Only in the topsy-turvy world of Neo-Liberal economics can the further decline in Greek Gross Domestic Output (GDP) be called a triumph. And yet, that is what economically conservative newspapers like the Daily Telegraph are saying about the latest batch of figures that show that Greece is in recession for the twentieth consecutive quarter.
According to the Daily Telegraph “Excluding the borrowing costs on its massive debt burden, the Greek government is now raising more money than it spends.” What the Telegraph isn’t reporting is that this has been achieved by massive lay-offs of civil servants, a relaxation of the minimum wage and a punitive property tax that will only be exempt for those living below 6000 euros a year.
Obviously, the most simple economics lesson from history has not been heeded. When in a slump, the only way out is to stimulate demand in the economy. As Simon Jenkins in The Guardian has rightly pointed out for some years now, the best way to do this is to give the money directly to people to spend, rather than to bankers in the form of Quantitate Easing and the purchase of bonds. How much QE money has been salted away in tax havens and used to keep share prices high?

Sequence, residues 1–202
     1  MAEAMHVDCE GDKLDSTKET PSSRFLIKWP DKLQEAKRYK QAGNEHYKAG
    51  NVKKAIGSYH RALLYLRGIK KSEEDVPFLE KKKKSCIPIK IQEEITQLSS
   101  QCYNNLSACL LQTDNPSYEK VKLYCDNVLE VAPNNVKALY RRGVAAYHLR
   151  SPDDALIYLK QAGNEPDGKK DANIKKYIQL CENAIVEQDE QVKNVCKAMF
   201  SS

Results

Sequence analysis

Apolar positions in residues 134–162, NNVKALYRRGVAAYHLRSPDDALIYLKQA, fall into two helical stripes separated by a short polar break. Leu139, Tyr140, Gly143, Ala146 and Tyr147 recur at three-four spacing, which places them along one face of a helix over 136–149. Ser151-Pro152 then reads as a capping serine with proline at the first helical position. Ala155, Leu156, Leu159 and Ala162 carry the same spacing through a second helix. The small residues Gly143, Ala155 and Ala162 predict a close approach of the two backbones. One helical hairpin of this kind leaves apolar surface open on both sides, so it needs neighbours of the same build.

Instead of the stimulus money going into the Greek economy to ensure that it can grow it’s way out of debt, the austerity nutters are continuing to bleed the Greek economy dry while expecting a miracle. No wonder the politics of fear and uncertainty are taking hold in Greece.
The Greek unemployment rate is now at a staggering twenty-seven per cent, with no sign that it is coming down. All those people out of work, dependent on squeezed state benefits and charity hand-outs. Before long we have to start asking what will be left of the Greek economy, because at this rate there is going to be very little to work with afterwards to restore growth.
As Zygmunt Bauman points out “The fraudulence of the promised ‘trickle-down’ effect of opulence at the top has now been laid bare – for everybody to watch helplessly and bewail – but the ‘collateral casualties’ of the grand deception are here to stay for a long time to come. The foundations of social solidarity and communal responsibility have been sapped, the idea of social justice compromised, the shame and social condemnation attached to greed, rapacity and ostentatious consumption have been wiped away and they have been recycled into objects of public admiration and celebrity cult”.
It is not the ordinary people of Greece who brought this about, but the international financiers in London and around the world who have inflicted this burden on the Greek people. I can only utter my indignation – twenty quarters of recession! Surely someone might have got the idea by now that this isn’t working? Imagine how much it is going to cost to repair the damage and sort out the cost to Greek society once this wicked experiment is over?